We sampled from a closed mini bottle in October 2017. While I can’t recall the exact price, think it was around £5 or so… a full bottle will set you back approximately $55. An exceedingly reasonable price for a most enjoyable dram.

And what else did we sample in our merry mini malts evening?

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Cadenhead’s Caol Ila 36 year (1980) 52.3%

After the Glen Garioch, we seemed more in the mood to return to the Islays and a peatier dram. Particularly if it happened to be a Caol Ila 36 year, bottled by Cadenhead’s! Who wouldn’t be tempted? And what did we find?

Caol Ila 36 year (1980 – July 2016) Bourbon Hogshead, 52.3% (Cadenhead’s) 210 bottle

  • Nose – Paint shop, fevicole adhesive, creamy, muted, original bitter hing (asefetodi) , ritaful (soap nut), burnt orange peel, echo of peat. As it opened up, it revealed a sweet spice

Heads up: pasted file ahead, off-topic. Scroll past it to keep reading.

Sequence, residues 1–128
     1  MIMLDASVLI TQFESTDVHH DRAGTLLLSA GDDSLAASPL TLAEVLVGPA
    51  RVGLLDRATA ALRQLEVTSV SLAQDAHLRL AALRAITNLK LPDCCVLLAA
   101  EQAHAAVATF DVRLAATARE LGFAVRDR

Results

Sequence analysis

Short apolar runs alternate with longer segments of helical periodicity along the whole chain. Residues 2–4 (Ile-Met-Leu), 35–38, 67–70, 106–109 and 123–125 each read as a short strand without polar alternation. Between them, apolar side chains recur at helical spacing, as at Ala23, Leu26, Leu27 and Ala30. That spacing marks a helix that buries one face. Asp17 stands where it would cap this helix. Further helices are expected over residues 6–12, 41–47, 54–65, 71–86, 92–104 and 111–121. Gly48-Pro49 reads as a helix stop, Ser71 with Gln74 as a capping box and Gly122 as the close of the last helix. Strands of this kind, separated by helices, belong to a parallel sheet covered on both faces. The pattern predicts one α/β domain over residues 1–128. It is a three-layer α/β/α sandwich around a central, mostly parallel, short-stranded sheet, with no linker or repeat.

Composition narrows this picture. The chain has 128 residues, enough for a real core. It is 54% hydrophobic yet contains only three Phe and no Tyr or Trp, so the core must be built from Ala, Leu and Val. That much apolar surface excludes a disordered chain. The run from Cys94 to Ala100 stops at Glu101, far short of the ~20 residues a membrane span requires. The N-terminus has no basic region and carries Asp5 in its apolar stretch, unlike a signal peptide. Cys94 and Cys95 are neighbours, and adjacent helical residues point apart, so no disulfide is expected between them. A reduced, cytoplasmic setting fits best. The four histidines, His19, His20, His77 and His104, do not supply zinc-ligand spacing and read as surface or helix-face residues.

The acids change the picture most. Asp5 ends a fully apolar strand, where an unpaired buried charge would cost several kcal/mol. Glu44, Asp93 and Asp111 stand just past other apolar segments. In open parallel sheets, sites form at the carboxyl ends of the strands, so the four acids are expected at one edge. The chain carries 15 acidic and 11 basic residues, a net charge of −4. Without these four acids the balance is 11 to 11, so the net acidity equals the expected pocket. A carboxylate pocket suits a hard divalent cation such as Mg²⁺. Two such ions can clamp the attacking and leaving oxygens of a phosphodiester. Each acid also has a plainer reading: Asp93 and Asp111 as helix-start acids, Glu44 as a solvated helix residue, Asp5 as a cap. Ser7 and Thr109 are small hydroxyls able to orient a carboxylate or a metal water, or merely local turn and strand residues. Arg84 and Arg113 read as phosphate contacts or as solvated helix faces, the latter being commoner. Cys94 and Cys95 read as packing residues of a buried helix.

• Palate – Lots of vegetables, from an echo of peat, it grew into a proper peat and soooooo sweet and smooth
  • Finish – Green capsicum then a long cinnamon spice

And Krishna’s reaction? “OMG! This is beautiful for a winter day.”

This is definitely a whisky that benefits from time to open as it became more brilliant as it aired. For me, the nose was the most rewarding element. Perhaps not for everyone. And certainly not for everyone’s pocketbook but worth settling down with if you get a chance.

This whisky last appeared on Scotch Whisky Auctions in Nov 2016 for a winning bid of £280.00. 

What else did we sample in our Krishna Collection evening in July 2017?

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Undisclosed Distilleries – Again!

A few months back I shared a trio of whiskies with our original tasting group – each did not disclose the distillery.

My original intention was to immediately share the same whiskies with our Bombay Malt & Cigar group… we had a wait a few extra months and by the time the evening arrived, I managed to add a 4th undisclosed distillery bottle to the mix – what fun!